Mexico by Kitchen Theory - London Food Blog - Holy Trinity

Mexico by Kitchen Theory – Holy Trinity

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Percy and Founders

Posted on Monday, 16th November 2015

PERCY AND FOUNDERS

Percy and Founders - London Food Blog

Percy and Founders

Percy and Founders, an elegant bar and restaurant, opened in the spring of 2015 and offers a contemporary British menu. Open all day, everyday, Percy & Founders serves everything from a quick morning coffee, to business lunches to a sit down dinner. It has also an eloquent bar area, and is equally ideal for evening cocktails. On weekends, Percy & Founders serves boozy brunches and Sunday roasts.

Executive Chef Diego Cardoso brings with him a wealth of experience having worked a seven-year stint as the Head Chef at Angela Hartnett’s Murano. The menu is seasonally and showcases a comprehensive selection of dishes. The drinks list is also comprehensive and affordable. It includes wines from both small grower labels as well as established producers, and a variety of cocktails, mocktails, bottled craft and draft beers. In the nicer summer months, there is also an alfresco drinks area on the terrace.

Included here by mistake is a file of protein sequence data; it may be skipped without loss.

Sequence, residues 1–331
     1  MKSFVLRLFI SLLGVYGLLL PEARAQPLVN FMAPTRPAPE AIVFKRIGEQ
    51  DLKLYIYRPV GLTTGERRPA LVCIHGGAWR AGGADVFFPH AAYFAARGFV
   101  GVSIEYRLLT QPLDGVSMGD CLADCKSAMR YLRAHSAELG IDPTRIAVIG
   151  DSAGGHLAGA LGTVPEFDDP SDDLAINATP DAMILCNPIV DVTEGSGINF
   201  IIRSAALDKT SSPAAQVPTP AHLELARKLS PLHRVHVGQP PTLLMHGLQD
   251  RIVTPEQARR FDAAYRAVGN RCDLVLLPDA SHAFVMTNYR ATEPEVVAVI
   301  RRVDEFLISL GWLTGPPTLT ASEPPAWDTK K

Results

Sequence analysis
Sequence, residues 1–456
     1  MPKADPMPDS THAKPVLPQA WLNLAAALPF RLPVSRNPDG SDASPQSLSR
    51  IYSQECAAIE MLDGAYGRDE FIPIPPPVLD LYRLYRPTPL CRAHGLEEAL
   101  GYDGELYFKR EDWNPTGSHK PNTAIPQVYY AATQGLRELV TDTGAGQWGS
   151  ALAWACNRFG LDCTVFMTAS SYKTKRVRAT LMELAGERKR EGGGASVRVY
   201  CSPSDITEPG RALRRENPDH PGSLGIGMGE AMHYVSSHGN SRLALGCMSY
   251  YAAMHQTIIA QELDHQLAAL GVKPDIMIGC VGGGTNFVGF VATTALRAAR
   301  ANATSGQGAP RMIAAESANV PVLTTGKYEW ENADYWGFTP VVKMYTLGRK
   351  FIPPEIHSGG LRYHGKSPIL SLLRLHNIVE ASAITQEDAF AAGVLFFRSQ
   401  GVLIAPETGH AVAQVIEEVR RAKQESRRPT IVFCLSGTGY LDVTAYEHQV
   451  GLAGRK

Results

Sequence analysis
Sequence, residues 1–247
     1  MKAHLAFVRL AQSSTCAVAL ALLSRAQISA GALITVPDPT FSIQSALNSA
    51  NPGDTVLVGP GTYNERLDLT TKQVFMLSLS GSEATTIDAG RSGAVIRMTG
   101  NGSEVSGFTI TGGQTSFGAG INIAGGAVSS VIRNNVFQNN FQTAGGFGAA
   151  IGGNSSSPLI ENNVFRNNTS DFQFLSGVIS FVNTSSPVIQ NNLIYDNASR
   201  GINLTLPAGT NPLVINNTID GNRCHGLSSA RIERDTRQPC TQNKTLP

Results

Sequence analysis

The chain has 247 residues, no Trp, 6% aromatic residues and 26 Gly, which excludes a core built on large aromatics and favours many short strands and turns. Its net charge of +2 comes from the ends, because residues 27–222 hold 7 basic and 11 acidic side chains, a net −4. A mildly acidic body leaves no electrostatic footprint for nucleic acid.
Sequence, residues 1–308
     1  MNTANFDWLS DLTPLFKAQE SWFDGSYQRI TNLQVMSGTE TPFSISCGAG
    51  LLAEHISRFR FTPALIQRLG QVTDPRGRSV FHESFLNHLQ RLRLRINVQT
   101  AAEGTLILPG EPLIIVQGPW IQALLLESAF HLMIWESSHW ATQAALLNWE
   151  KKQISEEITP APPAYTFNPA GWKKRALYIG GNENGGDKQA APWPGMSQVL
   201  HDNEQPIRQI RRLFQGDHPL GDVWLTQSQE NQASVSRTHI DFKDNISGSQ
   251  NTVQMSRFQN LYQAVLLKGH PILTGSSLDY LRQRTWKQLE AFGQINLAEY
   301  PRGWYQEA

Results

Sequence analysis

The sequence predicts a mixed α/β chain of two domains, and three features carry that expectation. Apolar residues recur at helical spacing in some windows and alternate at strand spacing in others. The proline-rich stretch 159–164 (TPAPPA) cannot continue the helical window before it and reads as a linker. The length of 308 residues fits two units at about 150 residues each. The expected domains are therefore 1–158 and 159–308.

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‘Nikkei Cuisine: Japanese Food the South American Way’ by Luiz Hara

Posted on Sunday, 15th November 2015

‘NIKKEI CUISINE: JAPANESE FOOD THE SOUTH AMERICAN WAY’ BY LUIZ HARA

One of my favourite food bloggers / supper club chefs / cookery writer is none other than Luiz Hara from TheLondonFoodie who cooks some of the most extraordinary Nikkei food imaginable. I have had the the opportunity to sample his cooking on numerous occasions at his supper club events in his East London home, and following on from the success of his supper clubs, Luiz has recently brought out his first cookbook. Called ‘Nikkei Cuisine: Japanese Food the South American Way’, the book is a celebration of the best that South American inspired Japanese cooking can offer.